Climate and Landscape
The rainy season, also known as the green season, is upon us here in the Okavango Delta and it is that time of year when we experience more moderate temperatures in this part of Africa. The minimum temperatures recorded during December were in the low 20°s with a high of 32° Celsius.
We had some exceptional, and often surprising, wildlife sightings, amplified by the beautiful landscape that has been transformed into a lush, green backdrop of lagoons and pans thanks to the spectacular rains we have received. The green season is also most guests’ favourite too, as predators are attracted by the abundance of new-borns of the antelope and many other animals.
Our guests were fortunate to have some excellent lion sightings this month; the most interesting was observing a few unknown males invading the resident lions’ territory – something that brought much drama to these big cats.
A coalition of three new males was seen chasing one of the adults from the Eastern Boys coalition after an epic encounter. The fight went on for days and unfortunately ended with the big male succumbing to this attack. It was really sad to lose this formidable male lion. The three foreign males were seen regularly during the month, with another encounter occurring near the camp at Letlhalerwa Pan where they were feeding on a buffalo cow. The feeding went on for three days before they allowed other predators on the kill, including hyaena which were seen skulking around while the boys were feeding; vultures finished the remains. After this encounter they appear to have moved out of our area as they were not spotted again and our guides reported finding their tracks heading out of our area.
As there is always great need for pride members to collectively defend their territory, we are grateful to report that our resident lion pride, Kubu, managed to hold onto its own territory despite the ferocious battles against intruders this month. A big surprise was finding Manyatela, the big male, with a kill. This male is well known for his exceptional hunting skills and this brute was seen on the same spot feeding and sleeping near the carcass, too full to move. Luckily he was never challenged for his meal.
Selonyana, the resident female leopard, was observed attempting to hunt but unfortunately the baboons saw her and launched into a barking frenzy that ensured the cat’s mission was unsuccessful. Our shy male leopard was seen around Mogonono Pan as well, feeding on an impala kill… as usual he was a bit skittish though. Another resident female leopard that came to the show this month was Naledi; she was also located with a baby impala kill at Xhakhecha Pan.
Towards the end of the month good cheetah sightings were noted, this after these cats had been absent for quite some time. This time around we saw four new, unknown boys. On one occasion they were followed by our guides and guests on a very successful impala baby hunt in the north-west of the Kwedi Concession near Phiri Pan.
The month we were blessed with sightings of our other top predator when a new pack of eighteen wild dog took down an impala in the Phiri Pan area; the pack was seen taking a rest in the same area while guests were out on their afternoon drive. Another unknown pack of four rocked up one afternoon on a hunting mission, though unfortunately their impala hunt wasn’t successful. Our resident pack, the Golden Pack, also did not disappoint as they came close to camp around the helipad trying their luck on some impala. The very same pack was seen thereafter heading toward the west of the concession before they disappeared into a thicket.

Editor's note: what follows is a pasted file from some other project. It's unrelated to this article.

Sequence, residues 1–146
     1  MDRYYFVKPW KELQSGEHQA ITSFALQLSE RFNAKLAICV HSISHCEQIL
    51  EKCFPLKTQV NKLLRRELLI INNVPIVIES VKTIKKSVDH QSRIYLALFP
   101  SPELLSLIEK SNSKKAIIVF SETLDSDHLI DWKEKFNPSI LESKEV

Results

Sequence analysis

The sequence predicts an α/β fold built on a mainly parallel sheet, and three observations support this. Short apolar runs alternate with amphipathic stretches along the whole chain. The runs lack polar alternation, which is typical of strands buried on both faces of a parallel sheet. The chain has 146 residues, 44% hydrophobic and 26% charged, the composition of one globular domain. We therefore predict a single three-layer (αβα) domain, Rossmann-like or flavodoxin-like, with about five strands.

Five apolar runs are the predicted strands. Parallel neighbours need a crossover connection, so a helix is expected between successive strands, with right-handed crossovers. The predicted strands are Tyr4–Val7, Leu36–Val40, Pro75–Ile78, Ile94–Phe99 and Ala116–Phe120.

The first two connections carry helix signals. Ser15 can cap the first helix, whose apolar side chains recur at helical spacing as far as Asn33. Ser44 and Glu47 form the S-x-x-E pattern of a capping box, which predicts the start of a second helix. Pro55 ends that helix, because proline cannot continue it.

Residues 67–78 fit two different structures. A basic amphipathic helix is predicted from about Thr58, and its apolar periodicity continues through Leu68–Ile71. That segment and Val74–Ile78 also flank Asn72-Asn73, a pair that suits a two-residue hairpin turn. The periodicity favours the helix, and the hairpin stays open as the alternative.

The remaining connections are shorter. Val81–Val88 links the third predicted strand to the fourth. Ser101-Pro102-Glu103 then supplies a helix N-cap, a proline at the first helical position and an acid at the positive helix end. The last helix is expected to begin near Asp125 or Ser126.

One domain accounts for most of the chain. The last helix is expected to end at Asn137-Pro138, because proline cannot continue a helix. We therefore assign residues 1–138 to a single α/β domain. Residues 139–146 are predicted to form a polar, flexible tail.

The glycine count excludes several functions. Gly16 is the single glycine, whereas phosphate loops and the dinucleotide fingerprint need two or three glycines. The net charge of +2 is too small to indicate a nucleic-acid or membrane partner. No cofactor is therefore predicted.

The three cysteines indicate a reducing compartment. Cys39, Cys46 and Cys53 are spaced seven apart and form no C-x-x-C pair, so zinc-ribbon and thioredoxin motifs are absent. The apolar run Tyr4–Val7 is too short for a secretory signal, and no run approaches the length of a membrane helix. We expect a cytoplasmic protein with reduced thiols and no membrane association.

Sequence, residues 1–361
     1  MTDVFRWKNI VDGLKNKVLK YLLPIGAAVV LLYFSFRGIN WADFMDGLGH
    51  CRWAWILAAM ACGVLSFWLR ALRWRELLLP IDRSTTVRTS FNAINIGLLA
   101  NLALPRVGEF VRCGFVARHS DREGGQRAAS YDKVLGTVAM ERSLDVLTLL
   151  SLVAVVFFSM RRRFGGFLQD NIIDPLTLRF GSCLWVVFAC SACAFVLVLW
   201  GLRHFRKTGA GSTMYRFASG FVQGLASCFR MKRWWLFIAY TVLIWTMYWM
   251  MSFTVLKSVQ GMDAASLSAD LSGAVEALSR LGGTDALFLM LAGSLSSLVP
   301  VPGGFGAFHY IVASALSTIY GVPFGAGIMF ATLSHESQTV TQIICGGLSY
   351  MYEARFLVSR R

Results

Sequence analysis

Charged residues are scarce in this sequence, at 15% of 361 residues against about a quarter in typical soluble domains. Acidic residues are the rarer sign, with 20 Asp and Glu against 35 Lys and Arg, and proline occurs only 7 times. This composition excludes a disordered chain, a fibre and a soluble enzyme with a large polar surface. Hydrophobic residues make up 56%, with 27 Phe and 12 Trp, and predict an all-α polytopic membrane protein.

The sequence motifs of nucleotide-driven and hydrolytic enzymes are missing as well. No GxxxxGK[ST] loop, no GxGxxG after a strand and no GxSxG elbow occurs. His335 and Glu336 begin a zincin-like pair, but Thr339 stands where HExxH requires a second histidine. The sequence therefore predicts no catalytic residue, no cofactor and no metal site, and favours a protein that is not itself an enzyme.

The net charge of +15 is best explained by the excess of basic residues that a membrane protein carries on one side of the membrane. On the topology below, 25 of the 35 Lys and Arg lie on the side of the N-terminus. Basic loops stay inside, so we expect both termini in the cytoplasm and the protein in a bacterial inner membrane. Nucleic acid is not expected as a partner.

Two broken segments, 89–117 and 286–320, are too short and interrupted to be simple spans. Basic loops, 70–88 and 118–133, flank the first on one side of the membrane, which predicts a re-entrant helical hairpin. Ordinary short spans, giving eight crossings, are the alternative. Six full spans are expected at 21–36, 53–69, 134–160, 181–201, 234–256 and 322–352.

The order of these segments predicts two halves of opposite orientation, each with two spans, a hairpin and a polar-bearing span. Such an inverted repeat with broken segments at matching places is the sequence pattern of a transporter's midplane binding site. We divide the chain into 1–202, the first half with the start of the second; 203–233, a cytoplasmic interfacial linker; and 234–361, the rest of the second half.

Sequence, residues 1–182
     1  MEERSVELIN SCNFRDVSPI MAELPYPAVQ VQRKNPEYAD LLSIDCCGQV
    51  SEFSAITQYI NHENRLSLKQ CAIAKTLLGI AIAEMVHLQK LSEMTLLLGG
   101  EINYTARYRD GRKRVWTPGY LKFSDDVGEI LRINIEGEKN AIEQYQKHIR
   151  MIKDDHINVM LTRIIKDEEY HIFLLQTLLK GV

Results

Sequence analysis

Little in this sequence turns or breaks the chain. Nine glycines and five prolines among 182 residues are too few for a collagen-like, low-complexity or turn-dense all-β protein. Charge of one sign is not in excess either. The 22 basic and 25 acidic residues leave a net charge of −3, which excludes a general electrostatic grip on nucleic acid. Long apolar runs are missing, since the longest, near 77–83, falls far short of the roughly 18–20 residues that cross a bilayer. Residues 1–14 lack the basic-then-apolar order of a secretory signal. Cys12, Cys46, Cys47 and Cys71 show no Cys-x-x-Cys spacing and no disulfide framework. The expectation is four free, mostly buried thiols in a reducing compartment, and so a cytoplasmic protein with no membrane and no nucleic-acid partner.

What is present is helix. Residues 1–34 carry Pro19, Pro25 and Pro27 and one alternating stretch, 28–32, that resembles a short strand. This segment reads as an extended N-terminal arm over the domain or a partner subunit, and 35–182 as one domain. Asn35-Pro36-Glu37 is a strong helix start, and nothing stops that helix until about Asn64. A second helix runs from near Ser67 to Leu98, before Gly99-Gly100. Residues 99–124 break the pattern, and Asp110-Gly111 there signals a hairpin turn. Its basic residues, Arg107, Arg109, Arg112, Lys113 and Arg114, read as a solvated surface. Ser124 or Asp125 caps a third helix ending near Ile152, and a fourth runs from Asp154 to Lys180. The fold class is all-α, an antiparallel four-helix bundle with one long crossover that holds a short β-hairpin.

This time of the year is very exciting as it is full of new life. The tsessebe antelope showed off their not only adorable but very photogenic babies, giving our guests outstanding photographic opportunities. Big breeding herds of elephants also did not disappoint as they presented their tiny new-born babies – really quite special sightings for our guests. Other animals with babies included impala, wildebeest, hippo, warthog, and not forgetting buffalo, which are still seen around all corners of our concession. The most special sightings were of roan and sable antelope with their young ones.
Among all the epic sightings this month, we will never forget the water monitor lizard with its toad kill – what a sighting that was! This closed our month of December on a very high note.
Birds and Birding
December was yet another awesome month for amazing birding. The rain waters pushing through the floodplains and other catchment areas created abundant fishing opportunities for most of the aquatic birds, including pied kingfishers, herons, hamerkops and fish-eagles.
Our birding ranged from the world’s biggest bird, the ostrich, to much smaller birds such as woodland kingfishers, blue-cheeked bee-eaters and carmine bee-eaters. A special and unusual sighting of a beautiful crowned crane was also observed.
Staff in Camp
Managers: Lops, Onnie, Taps
Guides: Emang, Ron, ST
Managers: Kci, Tumie, Lebo, Poppy, Oabi
Guides: Zee, Lazi, Chris, Speedy
Newsletter compiled by Lops Rampeba
Pictures by Speedy Senase